The safety and efficacy of 12 weeks of sofosbuvir/velpatasvir were evaluated in a phase 3 study among 106 antiretroviral-controlled, HIV/HCV-coinfected patients (Wyles, 2016). Patients with genotype 1, 2, 3, or 4 infection were included; 18% (19/106) had compensated cirrhosis. HIV was controlled on ART including non-nucleoside reverse-transcriptase inhibitor- (rilpivirine), integrase inhibitor- (raltegravir or elvitegravir/cobicistat), or ritonavir-boosted protease inhibitor- (atazanavir, lopinavir, or darunavir) based regimens with either tenofovir/emtricitabine or abacavir/lamivudine. Fifty-three percent (56/106) of participants were on tenofovir disoproxil fumarate with a pharmacologic boosting agent (either ritonavir or cobicistat). Neither efavirenz nor etravirine were allowed in this study as concomitant dosing with sofosbuvir/velpatasvir in healthy volunteers resulted in clinically significant decreases in velpatasvir exposure. SVR12 was 95% with 2 relapses, both occurring in genotype 1a-infected patients. Similar results were noted in patients with compensated cirrhosis and in those with baseline NS5A RASs (n=12 at 15% threshold; SVR12=100%). There were no clinically significant changes in serum creatinine or eGFR, and no patients required a change in their antiretroviral therapy during the study period.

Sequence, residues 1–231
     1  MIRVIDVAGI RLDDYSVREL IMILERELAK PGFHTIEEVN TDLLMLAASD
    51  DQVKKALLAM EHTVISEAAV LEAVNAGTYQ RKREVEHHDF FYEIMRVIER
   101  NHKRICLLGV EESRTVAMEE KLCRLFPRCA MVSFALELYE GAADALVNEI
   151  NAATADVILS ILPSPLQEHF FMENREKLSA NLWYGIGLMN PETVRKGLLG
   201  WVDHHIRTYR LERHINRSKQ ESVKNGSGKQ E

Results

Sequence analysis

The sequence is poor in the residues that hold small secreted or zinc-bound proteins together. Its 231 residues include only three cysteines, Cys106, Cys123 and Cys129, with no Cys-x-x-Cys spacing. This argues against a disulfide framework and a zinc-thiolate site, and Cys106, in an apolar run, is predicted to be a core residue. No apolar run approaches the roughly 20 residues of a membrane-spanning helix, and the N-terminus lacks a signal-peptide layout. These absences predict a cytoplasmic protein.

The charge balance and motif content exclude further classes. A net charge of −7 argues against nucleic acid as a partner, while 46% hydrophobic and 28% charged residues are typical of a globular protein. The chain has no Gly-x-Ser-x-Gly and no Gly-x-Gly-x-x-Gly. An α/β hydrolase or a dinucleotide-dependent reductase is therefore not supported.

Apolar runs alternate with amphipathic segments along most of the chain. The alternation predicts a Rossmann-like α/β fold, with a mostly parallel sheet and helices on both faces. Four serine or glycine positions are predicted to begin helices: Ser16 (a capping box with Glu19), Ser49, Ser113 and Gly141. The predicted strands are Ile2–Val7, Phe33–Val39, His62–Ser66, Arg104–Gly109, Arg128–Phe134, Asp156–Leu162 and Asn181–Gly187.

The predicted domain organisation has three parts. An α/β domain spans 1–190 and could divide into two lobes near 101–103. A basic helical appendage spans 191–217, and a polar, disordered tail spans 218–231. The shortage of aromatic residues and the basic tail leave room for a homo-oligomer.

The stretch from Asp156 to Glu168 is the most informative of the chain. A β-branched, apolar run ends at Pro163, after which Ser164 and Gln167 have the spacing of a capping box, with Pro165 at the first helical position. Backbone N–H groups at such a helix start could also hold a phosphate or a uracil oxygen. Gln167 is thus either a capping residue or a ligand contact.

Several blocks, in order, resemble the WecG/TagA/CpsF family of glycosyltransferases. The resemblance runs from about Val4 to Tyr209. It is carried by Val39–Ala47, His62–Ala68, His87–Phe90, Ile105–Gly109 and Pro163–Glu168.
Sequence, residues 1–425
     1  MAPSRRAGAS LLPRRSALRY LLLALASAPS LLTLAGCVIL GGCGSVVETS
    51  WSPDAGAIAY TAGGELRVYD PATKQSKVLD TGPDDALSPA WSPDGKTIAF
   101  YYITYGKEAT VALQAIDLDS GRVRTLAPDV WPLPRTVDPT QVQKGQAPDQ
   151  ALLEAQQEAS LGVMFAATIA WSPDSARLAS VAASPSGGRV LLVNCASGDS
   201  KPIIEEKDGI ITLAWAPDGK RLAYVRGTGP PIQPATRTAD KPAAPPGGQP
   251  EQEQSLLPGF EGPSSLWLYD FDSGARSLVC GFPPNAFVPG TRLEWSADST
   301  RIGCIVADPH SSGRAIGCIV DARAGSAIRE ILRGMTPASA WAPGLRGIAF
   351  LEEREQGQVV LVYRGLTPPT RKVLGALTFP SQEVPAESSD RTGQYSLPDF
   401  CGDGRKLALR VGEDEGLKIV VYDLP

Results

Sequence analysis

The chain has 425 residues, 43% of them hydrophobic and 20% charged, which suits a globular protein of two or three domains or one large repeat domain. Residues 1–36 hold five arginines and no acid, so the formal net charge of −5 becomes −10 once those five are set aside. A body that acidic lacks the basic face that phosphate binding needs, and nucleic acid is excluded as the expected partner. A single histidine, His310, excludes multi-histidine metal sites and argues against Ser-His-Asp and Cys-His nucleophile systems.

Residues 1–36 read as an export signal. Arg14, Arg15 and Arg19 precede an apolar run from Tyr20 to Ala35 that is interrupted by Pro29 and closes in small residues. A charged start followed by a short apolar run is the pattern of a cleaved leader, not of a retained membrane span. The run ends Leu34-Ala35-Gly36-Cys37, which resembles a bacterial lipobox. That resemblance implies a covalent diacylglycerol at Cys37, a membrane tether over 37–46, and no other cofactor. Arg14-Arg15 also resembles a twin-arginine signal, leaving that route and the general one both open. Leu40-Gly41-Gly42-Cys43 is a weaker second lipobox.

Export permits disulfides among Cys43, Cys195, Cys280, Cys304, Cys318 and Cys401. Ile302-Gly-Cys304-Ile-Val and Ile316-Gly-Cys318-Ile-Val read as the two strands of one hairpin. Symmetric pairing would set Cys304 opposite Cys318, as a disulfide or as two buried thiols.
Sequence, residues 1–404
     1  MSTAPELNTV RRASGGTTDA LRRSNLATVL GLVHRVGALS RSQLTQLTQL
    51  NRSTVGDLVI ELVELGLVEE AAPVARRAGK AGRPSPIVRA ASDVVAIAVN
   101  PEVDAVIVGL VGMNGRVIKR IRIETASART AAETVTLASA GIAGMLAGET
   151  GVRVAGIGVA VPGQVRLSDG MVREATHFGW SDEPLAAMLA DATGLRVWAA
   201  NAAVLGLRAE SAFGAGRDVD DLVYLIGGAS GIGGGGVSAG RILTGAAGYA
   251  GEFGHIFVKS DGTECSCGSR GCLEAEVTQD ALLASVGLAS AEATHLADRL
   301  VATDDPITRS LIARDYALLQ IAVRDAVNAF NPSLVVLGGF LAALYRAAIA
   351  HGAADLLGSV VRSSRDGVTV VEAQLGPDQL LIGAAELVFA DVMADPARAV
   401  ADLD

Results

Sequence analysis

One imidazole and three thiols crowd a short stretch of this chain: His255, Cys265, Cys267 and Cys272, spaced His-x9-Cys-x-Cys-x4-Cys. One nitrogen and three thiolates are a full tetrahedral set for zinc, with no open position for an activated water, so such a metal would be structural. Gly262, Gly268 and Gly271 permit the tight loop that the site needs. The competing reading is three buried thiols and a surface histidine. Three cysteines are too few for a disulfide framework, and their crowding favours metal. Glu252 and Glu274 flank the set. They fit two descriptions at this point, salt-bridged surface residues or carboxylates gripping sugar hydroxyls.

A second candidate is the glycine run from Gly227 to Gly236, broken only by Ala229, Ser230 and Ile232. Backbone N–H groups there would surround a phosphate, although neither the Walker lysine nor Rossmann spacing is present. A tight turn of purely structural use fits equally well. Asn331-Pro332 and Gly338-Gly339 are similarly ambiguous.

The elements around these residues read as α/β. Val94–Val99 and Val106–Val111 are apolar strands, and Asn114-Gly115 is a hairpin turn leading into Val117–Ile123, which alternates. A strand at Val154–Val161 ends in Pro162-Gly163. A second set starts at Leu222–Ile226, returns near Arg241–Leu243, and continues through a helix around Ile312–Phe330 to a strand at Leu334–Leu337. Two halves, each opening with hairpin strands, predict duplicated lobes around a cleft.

In general, few HIV/HCV-coinfected patients with compensated cirrhosis have been included in clinical trials of DAAs, and no data are available regarding HIV/HCV-coinfected patients with renal insufficiency or who have undergone solid organ transplantation. Despite a lack of data, it is highly likely that response rates are similar to those of HCV-monoinfected patients, as no study to date in the DAA era has showed a lower efficacy for HIV/HCV-coinfected patients. Therefore, the respective guidance from these sections should be followed if treatment is otherwise warranted, with consideration of drug interactions.

Pharmacology and Drug Interaction Data

Velpatasvir is available only in a fixed-dose combination tablet with sofosbuvir. Velpatasvir is metabolized by CYP3A4, CYP2C8, and CYP2B6. It does not appear to inhibit or induce any CYP enzymes. Velpatasvir is a substrate for P-gp and BCRP, and inhibits P-gp, BCRP, and OATP1B1/1B3 but does not induce any transporters.

Velpatasvir absorption is pH dependent. Refer to product labeling for guidance on temporal separation and dosing of gastric acid modifying agents.